Opponents’ Arguments Against I-1240 Don’t Pass the Straight Face Test

Oct 14, 2012 | Featured, News, Opinion

I was not surprised by the arguments against charter schools following the Seattle Times editorial board’s endorsement of Initiative 1240, a proposal to create 40 charter schools over five years.

But I was surprised by how little the arguments have evolved over time. Here’s the top 10 arguments against charters and my counter argument.

1) Charter schools are not a silver bullet. Altogether now, there is no magic potion. We are not waiting for Superman. Research proves charters can be an effective part of reforming a public education system that still has not made good on promises of equal education opportunities laid out in Brown vs. Board of Education.

2) Charters will cost money. Yes. Just as investments in gifted education, arts education and science, technology, engineering and math curricula will cost money. By the way, none of these investments will cost as much as the 14,000 high school drop outs last year will cost in lost potential, including wage-earnings as well as use of taxpayer-funded social services. This Frontline documentary was a poignant reminder of the perils of not investing boldly and substantially in front-end services like early learning and K-12 education. The result is much higher spending in the juvenile justice system.

3) We cannot afford charters when we’re underfunding traditional public schools. Washington state has reduced the portion of state revenue that goes to the K-12 system to the point where we’re ranked near the bottom. The state Supreme Court’s McCleary education funding decision will drive anywhere from $1 billion to $4 billion more into education. What is rarely talked about is how the state will spend the extra dollars, on top of the $13.6 billion allocated to the K-12 for the 2013-15 biennium. Has spending evolved over time to take advantage of changes in education and technology? Moreover, how can we not be able to afford public charters but yet have the money for public innovation schools?

4) The 22 innovation schools approved by the state Legislature is change enough. No, it isn’t. A student’s chances of getting into one of the innovation schools is as small as their chances of getting into one of Seattle’s North End schools if they don’t already live in the North End. In the public system, a quality education too often depends on zip code.

5) Charter schools are being promoted by a bunch of rich, white guys. Sorry, but the paucity of diversity is visible on both sides of this argument. Check out this I-1240 debate or look at who’s clogging the blogosphere and you’ll find Seattle’s white, middle-class establishment comfortably in the driver’s seat.

That does not mean others do not care, only that communities of color often do not have the money or political clout to wage political campaigns. But they show up. When Rep. Eric Pettigrew, D-Seattle, introduced a series of tough education reforms, including charter schools, he was flanked at the press conference by parents and minority education advocates, including Kevin Washington from the Black Education Strategy Roundtable.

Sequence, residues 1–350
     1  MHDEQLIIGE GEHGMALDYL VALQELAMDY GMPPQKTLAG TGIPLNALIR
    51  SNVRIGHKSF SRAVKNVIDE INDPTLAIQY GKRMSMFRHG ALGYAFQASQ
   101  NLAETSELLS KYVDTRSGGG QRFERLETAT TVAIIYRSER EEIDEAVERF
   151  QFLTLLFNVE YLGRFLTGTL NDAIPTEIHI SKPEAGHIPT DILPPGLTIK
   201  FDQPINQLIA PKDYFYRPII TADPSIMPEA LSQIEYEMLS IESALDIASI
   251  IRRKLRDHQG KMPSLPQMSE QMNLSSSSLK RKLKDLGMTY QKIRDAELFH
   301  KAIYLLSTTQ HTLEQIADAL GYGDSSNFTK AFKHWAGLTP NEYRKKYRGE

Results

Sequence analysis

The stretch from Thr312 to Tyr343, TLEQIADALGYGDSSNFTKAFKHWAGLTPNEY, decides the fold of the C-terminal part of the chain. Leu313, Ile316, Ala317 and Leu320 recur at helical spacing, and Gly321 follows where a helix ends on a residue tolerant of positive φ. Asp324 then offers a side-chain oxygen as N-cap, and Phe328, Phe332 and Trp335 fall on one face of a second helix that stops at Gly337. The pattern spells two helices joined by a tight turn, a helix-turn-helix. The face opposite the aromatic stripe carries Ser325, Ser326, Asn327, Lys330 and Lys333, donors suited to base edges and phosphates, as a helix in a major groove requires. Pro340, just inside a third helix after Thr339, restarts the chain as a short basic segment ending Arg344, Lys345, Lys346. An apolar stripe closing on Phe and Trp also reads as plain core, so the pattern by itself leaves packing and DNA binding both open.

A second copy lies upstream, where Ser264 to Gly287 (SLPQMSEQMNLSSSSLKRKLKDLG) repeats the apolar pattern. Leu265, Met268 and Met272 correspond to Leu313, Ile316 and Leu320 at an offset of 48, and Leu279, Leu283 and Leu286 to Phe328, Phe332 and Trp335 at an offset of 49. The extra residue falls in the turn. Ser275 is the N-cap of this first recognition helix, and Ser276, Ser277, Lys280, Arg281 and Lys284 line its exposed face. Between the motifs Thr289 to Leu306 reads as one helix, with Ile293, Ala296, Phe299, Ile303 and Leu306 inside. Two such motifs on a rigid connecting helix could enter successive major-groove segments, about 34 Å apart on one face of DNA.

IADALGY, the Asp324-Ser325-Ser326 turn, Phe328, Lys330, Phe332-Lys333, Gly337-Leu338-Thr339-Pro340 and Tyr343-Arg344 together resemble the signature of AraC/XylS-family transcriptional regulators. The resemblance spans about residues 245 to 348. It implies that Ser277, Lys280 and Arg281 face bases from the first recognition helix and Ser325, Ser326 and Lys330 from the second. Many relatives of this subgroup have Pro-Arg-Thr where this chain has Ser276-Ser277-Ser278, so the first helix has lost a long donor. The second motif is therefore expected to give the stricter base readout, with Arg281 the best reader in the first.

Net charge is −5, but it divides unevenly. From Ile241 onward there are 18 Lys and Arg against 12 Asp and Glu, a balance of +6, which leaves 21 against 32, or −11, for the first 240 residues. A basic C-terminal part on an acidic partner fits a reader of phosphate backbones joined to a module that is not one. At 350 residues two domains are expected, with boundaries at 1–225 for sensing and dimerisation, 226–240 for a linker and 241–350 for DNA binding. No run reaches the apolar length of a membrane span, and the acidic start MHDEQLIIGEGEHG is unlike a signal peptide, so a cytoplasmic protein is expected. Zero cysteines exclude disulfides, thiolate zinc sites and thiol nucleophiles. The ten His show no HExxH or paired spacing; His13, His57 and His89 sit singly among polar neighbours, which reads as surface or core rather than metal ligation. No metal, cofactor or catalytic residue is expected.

6) Charters are the first step to privatizing public education. Charters cannot replace traditional public schools. But they can serve as models for what does, or does not, work. I learned that from Tacoma Mayor Marilyn Strickland, supporter of charters. Lincoln Center modeled on the Kipp charter schools.

7) A study from the prestigious Stanford University debunked charters. Actually, Macke Raymond, author of the oft-cited Stanford study of charter schools operating in 15 states was quoted in a recent Times story as saying that of the 41 states with charters, “you can find, in every single location, a substantial amount of charter schools that are doing really, really well, but the results are always mixed.”

If my child cannot attend a good traditional public school, I want him or her in the charter school doing “really, really well.” And my moral compass says I have to want the same for your kid and your neighbor’s children.

Moreover A meta-analysis of charter school studies offered further insight into how charters can work. Done by the University of Washington’s Center for Reinventing Public Education

8) Charters are union busters. I’m not persuaded they have to be. Yes, only 12 percent of charter schools are unionized, but in four states – Maryland, Alaska, Hawaii and Iowa – charters are 100 percent unionized.

9) There is nothing a charter can do that a really innovative traditional school cannot do. Theoretically true, but in practice the historical narrative of K-12 public education is of a system reluctant to change unless slapped with a court order. Hard-fought improvements in the way we teach special education children, those who are gifted and those who struggle mightily have come at a glacial pace.

10) The Washington Education Association will do anything to avoid charters even acquiesce to some reforms. Great! But let’s go back to the Times story I linked to earlier about Federal Way’s TAF Academy. The school was started by Trish Millines Dziko to ground bright, minority students in STEM education. I recall Millines trying in vain to work with the Seattle Public Schools before moving to south King County. Now everyone wants to herald her success.

But let’s not forget, Dziko said that if charter schools had been allowed in Washington state when she started TAF Academy, the school would have been a charter school. Dziko says that’s because when she was looking for models of what she wanted to do, they were all charters.

Imagine that.